Each scene, made of bronze, bursts with symbolism, movement, and emotion. The foreground shows Jesus’ passion. In the background, Schmalz plans to include every single parable found in the New Testament.
“When you see Jesus in the front, you’re going to see … a raw, hardcore scene from the passion,” he said. “But in the distance, you’re going to see the parables that he taught us. So it might be in the distance, you’ll see a camel trying to get through a little hole in the wall or the eye of the needle.”
While he works in his studio located in St. Jacobs, Ontario, Canada, he listens to an audio recording of the New Testament, he said.
“Things are pulled out and things describe themselves as I create,” he explained, comparing his role to a “passenger” or “director.”
The stations are getting funded by various donors, he said, as he works on them. As they progress from one to 14, each station will become “more and more intense.”
“The passion now has become my passion,” he said.
He hopes that viewers will feel like they are a part of the stations.
“We know there’s a lot of kids going to Walt Disney in Orlando every year,” he said, giving one example. “I’m putting a lot of children within them so they can see themselves in the scene.”
The 53-year-old artist also sees himself in them.
“It’s fascinating because you really become a part of the subject matter as you’re working on it,” he said. “It evolves and it grows as you’re working on it, and it’s almost like it tells you what to do in a sense where I don’t necessarily know exactly how the piece will end up.”
(Story continues below)
Subscribe to our daily newsletter
At Catholic News Agency, our team is committed to reporting the truth with courage, integrity, and fidelity to our faith. We provide news about the Church and the world, as seen through the teachings of the Catholic Church. When you subscribe to the CNA UPDATE, we'll send you a daily email with links to the news you need and, occasionally, breaking news.
As part of this free service you may receive occasional offers from us at EWTN News and EWTN. We won't rent or sell your information, and you can unsubscribe at any time.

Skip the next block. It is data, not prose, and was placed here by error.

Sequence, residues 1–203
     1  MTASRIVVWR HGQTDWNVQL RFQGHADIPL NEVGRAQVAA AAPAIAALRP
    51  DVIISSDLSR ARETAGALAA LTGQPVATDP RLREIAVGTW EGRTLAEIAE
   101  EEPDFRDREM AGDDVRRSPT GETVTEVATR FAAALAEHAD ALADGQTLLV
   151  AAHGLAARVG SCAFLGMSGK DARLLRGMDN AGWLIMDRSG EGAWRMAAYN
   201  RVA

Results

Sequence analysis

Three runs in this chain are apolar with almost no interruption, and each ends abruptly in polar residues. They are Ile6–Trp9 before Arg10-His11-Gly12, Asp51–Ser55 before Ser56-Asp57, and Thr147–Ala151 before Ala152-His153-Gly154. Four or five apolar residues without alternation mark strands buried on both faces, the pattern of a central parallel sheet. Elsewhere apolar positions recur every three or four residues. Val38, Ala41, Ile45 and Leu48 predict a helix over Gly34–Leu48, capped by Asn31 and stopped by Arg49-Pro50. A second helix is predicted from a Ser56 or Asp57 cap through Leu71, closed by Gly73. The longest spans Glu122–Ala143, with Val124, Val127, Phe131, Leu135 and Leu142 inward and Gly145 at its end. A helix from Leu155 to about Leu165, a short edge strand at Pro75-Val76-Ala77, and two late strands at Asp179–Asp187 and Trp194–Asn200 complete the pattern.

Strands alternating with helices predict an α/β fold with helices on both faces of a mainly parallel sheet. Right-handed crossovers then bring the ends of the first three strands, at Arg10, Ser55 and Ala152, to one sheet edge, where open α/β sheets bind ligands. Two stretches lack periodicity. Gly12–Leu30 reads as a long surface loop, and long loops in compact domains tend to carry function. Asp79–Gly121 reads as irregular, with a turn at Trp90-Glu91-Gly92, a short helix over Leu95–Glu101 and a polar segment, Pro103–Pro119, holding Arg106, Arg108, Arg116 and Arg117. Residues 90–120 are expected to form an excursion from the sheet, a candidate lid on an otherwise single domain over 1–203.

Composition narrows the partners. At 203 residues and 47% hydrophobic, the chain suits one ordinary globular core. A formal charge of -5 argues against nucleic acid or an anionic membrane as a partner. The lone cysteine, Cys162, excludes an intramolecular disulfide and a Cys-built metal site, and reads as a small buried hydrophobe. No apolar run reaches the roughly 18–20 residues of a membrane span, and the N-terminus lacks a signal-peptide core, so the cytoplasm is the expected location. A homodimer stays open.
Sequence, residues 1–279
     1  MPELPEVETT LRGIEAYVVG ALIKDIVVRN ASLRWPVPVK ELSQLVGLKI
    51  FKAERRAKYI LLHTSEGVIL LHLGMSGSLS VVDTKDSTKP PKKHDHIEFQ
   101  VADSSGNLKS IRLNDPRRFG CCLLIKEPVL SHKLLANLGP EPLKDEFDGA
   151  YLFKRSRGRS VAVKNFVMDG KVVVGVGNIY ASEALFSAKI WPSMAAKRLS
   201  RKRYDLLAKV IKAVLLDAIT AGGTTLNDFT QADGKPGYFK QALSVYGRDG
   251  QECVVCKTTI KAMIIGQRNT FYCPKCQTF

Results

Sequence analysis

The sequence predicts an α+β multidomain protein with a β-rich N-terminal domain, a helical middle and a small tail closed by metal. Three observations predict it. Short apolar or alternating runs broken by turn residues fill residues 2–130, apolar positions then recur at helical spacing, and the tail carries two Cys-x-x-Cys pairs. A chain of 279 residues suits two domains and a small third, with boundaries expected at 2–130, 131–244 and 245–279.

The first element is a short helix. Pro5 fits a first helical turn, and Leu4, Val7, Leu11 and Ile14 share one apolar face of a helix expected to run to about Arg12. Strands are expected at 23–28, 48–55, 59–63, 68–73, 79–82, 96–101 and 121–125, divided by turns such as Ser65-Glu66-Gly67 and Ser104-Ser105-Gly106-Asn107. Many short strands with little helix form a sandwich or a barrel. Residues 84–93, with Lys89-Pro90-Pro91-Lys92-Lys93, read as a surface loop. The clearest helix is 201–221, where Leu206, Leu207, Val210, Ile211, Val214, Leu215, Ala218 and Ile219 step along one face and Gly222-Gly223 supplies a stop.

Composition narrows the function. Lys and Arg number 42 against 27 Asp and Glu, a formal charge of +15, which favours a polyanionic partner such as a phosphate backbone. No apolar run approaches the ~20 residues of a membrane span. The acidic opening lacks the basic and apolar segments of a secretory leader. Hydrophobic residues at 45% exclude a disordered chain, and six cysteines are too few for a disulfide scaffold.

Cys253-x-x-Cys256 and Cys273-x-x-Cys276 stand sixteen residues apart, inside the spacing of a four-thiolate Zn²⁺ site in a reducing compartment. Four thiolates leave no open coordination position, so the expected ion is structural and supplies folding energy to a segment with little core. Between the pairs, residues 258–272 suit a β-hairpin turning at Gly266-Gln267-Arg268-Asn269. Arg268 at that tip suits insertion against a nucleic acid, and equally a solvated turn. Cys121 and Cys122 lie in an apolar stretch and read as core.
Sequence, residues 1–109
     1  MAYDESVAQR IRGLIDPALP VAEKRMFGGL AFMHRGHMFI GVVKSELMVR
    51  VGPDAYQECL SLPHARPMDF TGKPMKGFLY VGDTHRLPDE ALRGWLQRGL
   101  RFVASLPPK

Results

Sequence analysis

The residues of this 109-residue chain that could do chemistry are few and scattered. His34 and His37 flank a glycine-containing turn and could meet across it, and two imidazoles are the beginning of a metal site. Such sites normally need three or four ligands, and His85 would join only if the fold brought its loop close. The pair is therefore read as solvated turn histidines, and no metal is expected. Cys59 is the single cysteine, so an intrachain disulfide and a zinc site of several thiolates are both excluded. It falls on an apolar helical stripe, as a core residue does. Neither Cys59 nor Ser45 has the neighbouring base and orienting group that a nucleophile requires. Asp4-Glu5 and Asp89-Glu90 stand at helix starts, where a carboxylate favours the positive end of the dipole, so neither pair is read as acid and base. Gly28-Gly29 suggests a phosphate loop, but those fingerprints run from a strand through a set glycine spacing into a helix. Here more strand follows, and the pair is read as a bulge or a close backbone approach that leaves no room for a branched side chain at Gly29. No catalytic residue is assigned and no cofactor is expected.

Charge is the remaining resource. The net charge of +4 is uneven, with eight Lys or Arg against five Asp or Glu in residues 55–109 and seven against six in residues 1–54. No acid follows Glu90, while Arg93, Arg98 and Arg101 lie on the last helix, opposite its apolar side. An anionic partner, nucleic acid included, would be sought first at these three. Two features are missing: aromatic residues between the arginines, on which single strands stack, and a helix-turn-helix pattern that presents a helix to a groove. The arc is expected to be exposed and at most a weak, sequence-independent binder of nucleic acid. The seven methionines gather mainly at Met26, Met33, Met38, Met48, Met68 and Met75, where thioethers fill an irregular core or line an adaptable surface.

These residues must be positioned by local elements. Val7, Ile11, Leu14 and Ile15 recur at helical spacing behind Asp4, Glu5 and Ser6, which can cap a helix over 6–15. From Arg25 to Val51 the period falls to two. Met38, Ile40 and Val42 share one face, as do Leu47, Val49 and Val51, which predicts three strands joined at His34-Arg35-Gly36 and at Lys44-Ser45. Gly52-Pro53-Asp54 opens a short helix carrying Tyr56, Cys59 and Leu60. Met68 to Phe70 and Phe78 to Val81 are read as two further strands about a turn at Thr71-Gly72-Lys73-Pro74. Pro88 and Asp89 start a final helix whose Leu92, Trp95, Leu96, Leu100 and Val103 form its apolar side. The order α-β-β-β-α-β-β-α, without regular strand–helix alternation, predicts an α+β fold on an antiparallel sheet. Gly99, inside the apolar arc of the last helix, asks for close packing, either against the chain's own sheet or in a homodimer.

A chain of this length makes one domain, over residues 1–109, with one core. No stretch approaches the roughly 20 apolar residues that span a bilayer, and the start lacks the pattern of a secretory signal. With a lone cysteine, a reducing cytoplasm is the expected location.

He called the project mentally, spiritually, and physically taxing. He might dedicate one entire day to creating a little corner of one of the stations, he said, and another day just focusing on the face of Jesus.
But, he added, the work is worth it. These stations allow him, as an artist, to “get to the absolute essence of Christianity” in the hope that “it will be one of the greatest tools to convert and inspire Christianity.”
“I want [people] to come back from Orlando and, sure, talk about the rides, talk about Mickey Mouse. But I want them to say that the most exciting and most interesting and most moving thing with their vacation was this Stations of the Cross project,” he said. “And if I can do that with this piece of artwork, I have succeeded.”
At a time when many people are attacking Christianity and Christian symbols, Schmalz’s response is to create new, stronger symbols. “Sculptures that are bold, sculptures that celebrate and glorify Christ, but also encourage people to walk through that doorway and see Christ in focus,” he said.
“As they try to make us invisible, we have to sharpen,” he concluded. “And me, as an artist, that is my job, to sharpen our identity with these symbols and art.”
Katie Yoder is a correspondent in CNA's Washington, D.C. bureau. She covers pro-life issues, the U.S. Catholic bishops, public policy, and Congress. She previously worked for Townhall.com, National Review, and the Media Research Center.
Our mission is the truth. Join us!
Your monthly donation will help our team continue reporting the truth, with fairness, integrity, and fidelity to Jesus Christ and his Church.